Western Ghats world heritage: label or catalyst for action

The Western Ghats in India tell a fascinating tale of competing interests and agendas. Recently declared a World Heritage site by UNESCO after a persistent 10-year campaign by the Indian Government, the Ghats have been the subject of a number of different agendas, pursued by conservationists, state and central government officials, UN officials, Indian and international scientists, forest-dweller activists and development and mining advocates alike.

No one can dispute that the Western Ghats, a 1600km mountain range stretching along the west coast of India, are a “biodiversity hotspot, containing over 5 000 flowering plants, 139 mammals, 508 birds and 179 amphibian species”.

Map of Western Ghats, IndiaSource: IUCN

This stunning timelapse photography by renowned wildlife photographer Sandesh Kadur gives you a glimpse into that other world.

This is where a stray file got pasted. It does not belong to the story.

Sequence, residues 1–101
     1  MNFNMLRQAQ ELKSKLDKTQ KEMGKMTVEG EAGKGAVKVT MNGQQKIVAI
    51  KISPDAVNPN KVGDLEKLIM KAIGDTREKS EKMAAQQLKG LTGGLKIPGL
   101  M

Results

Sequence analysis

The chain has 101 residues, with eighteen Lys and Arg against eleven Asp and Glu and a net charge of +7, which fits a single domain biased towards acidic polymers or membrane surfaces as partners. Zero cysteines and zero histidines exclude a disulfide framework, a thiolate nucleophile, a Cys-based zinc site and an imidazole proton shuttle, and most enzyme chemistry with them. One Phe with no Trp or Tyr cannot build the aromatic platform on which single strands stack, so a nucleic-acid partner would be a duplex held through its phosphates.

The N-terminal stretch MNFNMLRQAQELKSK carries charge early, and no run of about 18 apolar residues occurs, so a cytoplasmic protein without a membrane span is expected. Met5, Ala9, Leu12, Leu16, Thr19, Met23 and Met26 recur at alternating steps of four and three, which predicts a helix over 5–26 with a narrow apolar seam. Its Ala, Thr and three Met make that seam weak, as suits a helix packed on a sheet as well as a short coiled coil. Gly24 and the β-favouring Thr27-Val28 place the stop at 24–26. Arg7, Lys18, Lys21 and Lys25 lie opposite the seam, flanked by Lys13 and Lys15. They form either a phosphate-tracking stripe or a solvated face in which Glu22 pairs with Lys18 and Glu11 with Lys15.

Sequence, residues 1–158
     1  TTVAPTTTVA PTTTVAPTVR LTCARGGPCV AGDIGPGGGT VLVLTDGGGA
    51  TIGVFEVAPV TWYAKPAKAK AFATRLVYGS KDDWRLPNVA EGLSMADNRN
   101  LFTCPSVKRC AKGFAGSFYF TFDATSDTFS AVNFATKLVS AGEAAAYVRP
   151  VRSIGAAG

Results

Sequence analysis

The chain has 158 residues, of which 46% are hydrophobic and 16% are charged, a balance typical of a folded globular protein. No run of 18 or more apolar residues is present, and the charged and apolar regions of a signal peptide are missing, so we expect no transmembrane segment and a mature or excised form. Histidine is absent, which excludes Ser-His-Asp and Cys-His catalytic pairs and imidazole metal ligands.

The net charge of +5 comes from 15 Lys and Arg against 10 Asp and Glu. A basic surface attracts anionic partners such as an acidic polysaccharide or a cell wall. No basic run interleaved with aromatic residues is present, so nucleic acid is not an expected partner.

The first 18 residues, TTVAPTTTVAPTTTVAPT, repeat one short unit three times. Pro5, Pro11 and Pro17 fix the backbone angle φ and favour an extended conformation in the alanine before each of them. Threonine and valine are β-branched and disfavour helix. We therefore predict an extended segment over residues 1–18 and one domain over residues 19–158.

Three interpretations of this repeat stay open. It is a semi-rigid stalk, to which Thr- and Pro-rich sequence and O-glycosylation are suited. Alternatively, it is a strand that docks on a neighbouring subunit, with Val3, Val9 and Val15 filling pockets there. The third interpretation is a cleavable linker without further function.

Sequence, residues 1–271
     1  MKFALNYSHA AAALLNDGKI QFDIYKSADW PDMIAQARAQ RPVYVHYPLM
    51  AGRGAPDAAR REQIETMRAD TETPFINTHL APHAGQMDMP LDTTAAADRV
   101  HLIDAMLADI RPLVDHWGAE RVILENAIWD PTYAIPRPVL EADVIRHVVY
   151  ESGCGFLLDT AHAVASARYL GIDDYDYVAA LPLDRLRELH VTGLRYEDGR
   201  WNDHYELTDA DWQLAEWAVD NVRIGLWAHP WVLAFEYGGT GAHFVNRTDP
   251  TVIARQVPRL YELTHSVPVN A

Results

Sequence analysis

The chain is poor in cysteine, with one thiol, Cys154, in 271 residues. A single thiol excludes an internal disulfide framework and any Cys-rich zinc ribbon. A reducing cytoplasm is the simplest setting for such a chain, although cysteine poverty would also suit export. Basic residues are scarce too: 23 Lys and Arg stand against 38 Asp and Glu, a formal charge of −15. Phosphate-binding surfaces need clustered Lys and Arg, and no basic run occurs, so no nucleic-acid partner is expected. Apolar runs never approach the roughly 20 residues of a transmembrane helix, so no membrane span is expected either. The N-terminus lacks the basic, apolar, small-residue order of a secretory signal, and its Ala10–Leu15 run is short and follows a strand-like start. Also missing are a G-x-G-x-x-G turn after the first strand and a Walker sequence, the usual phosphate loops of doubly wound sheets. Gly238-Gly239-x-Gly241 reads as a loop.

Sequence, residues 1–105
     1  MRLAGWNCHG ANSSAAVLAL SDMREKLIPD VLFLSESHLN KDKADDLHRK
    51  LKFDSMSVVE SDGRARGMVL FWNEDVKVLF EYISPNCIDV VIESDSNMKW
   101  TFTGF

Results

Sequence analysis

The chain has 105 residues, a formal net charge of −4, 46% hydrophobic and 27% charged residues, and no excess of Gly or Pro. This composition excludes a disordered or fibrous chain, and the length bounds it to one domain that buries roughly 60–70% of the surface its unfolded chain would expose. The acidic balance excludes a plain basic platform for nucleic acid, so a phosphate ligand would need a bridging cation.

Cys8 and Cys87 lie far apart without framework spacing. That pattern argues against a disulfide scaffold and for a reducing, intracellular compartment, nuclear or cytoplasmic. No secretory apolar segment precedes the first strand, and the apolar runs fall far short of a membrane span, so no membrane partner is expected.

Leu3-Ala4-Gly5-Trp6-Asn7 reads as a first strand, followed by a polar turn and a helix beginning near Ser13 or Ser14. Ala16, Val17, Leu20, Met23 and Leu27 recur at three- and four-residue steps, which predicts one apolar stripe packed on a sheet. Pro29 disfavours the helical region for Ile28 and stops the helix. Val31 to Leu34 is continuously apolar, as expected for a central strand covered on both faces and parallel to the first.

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Chipko Movement – Tree Huggers

During a recent meeting with a prominent Indian Australian businessman and educator, in which we were discussing environmental education projects in India, I was introduced for the first time to the “Chipko movement”.

Until that point, I had been unaware that in the early 18th century, and more recently in the 1970’s, “an organized resistance to the destruction of forests spread throughout India and came to be known as the Chipko movement. The name of the movement comes from the word ’embrace’, as the villagers hugged the trees, and prevented the contractors’ from felling them.” The Chipko movement originated in the Garhwal Himalayas of Uttarakhand in northern India (later spreading throughout India) and was inspired by Gandhi’s philosophy of Satyagraha.

Tree Huggers

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